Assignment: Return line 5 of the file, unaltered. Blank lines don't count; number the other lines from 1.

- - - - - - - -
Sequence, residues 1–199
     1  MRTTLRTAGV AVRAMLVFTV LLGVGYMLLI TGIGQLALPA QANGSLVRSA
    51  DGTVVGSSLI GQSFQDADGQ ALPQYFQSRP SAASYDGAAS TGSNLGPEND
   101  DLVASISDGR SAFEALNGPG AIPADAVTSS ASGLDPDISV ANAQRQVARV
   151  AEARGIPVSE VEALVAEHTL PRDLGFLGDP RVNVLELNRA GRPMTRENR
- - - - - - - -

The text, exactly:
   151  AEARGIPVSE VEALVAEHTL PRDLGFLGDP RVNVLELNRA GRPMTRENR